Outfits like NimbleTV and Aereo want to finally fulfill the promise of web TV. But disrupting the massive home-entertainment industry won't be easy.
FORTUNE -- Since the advent of the Internet, web TV has perpetually lingered over the horizon. Years after major cable companies unveiled "TV everywhere" initiatives and giants Apple (AAPL), Google (GOOG), and Microsoft (MSFT) began peddling hardware to beam the Internet to televisions, the merging of the Net MOREJessi Hempel, writer - Jun 8, 2012 5:00 AM ET
Fortune's curated selection of tech stories from the last 24 hours. Sign up to get the round-up delivered to you each and every day.
* The Verge gives at a long look at Research in Motion's rise and decline: how it was built and how former co-CEOs Mike Lazaridis and Jim Balsillie lost their way. Also, the company's ailing BlackBerry PlayBook tablet received a software update that finally brought native apps to access email, calendar, MOREJP Mangalindan, Writer - Feb 22, 2012 3:30 AM ET
Can so-called Super Wi-Fi bring high speeds and low costs to rural Americans? xG Technologies thinks so.
NB: This is the second story in a two part series about rural broadband access in America. To read the first part, please click here.
FORTUNE -- Engineers have long dreamed of using cheap wireless networks to do an end-run around the companies that now provide Internet access and cell phone service. Those dreams have MOREOct 18, 2011 10:59 AM ET
ESPN's deal to pay $15 billion for Monday Night Football could incite a revolt against the cable industry's basic business model.
FORTUNE -- The idea that American television viewers should be free to buy just the TV channels they want has always proven a pipe dream. It's a silly idea, cable and satellite operators have convinced politicians and regulators: selling channels in packages funds a wider variety of programming, actually leaving MORESep 12, 2011 9:53 AM ET
At this point, the ultimate fate of the beleaguered Internet company is anybody's guess. But here are some of the executives that may get a chance at taking the top spot.
FORTUNE -- It's impossible to guess who might be Carol Bartz's replacement at Yahoo because it's impossible to guess what Yahoo might look like when a replacement is named. It could be a totally different company before a CEO is MOREDan Mitchell, contributor - Sep 8, 2011 2:39 PM ET
The TV networks that invested big to create the online video service don't seem to like what it's maturing into.
FORTUNE -- It must be immensely frustrating to either own or manage Hulu. The viewing public is moving away from cable and satellite toward Internet viewing, but so slowly and uncertainly that programmers can't simply port all their shows online and be done with it. They have to keep the cable MOREDan Mitchell, contributor - Jun 23, 2011 4:26 PM ET
The cable company CEO previewed a next-gen user interface, but can Comcast really compete with Apple, not to mention Netflix?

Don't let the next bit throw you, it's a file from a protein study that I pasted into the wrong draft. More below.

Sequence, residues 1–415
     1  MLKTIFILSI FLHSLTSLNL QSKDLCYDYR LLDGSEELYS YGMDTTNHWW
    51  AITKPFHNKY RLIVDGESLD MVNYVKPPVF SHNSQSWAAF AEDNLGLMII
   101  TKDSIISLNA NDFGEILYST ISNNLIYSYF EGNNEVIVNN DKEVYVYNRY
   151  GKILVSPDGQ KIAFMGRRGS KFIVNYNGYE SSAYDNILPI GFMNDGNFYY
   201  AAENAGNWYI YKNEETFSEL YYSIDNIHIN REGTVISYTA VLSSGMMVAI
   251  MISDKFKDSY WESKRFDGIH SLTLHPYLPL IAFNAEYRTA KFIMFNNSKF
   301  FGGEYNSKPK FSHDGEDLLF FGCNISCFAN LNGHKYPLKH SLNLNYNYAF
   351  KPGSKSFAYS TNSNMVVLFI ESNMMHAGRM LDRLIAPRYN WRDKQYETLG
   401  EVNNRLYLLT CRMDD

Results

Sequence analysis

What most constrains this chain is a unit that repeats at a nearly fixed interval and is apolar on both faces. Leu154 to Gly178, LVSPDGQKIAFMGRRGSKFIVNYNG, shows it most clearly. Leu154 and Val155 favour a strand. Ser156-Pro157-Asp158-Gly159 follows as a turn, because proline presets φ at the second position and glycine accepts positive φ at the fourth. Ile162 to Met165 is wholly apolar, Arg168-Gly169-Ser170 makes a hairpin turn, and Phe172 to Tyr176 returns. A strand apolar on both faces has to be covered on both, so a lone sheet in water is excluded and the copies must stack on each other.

FORTUNE -- Comcast (CMCSA) CEO Brian Roberts wants you to know the company is adapting to the times, and that the perception of the cable company as a stodgy provider of bulky cable set top boxes is a thing of the past.
"We recognize that the business is changing and has changed, MOREJP Mangalindan, Writer - Jun 21, 2011 4:45 PM ET
Bloomberg Television is still stuck in Siberia in the Comcast channel lineup, and it's right to ask the FCC to step in.
FORTUNE -- One of the main worries surrounding Comcast's (CMCSA) merger with NBC Universal was that Comcast would use its cable platform to favor its own programming at the expense of competitors. From the beginning, the financial news organization Bloomberg has issued perhaps the loudest complaints about the situation. MOREDan Mitchell, contributor - Jun 15, 2011 11:11 AM ET
Both were media-consumption game changers. But why did the iPod spark Apple's media empire while TiVo had to turn to suing companies that capitalized on its innovations?
By Kevin Kelleher, contributor
FORTUNE -- A decade ago, two products were introduced that would change the way we consume media. One of them allowed us to carry hundreds, even thousands of songs around in our pocket so we could listen to whatever we wanted whenever we MOREScott Olster, editor - Apr 27, 2011 5:00 AM ET
Despite criticism, a venture capitalist and former California State Controller explains why the Genachowski net neutrality proposal is a must-have for industry, the FCC, and the public.
By Steve Westly, contributor
Nobody likes being stuck in traffic or choosing the slow checkout line at the grocery store.
Now imagine if you were faced with the choice of being forever stuck in the digital slow lane or paying even higher fees for faster access MOREDec 20, 2010 8:52 PM ET
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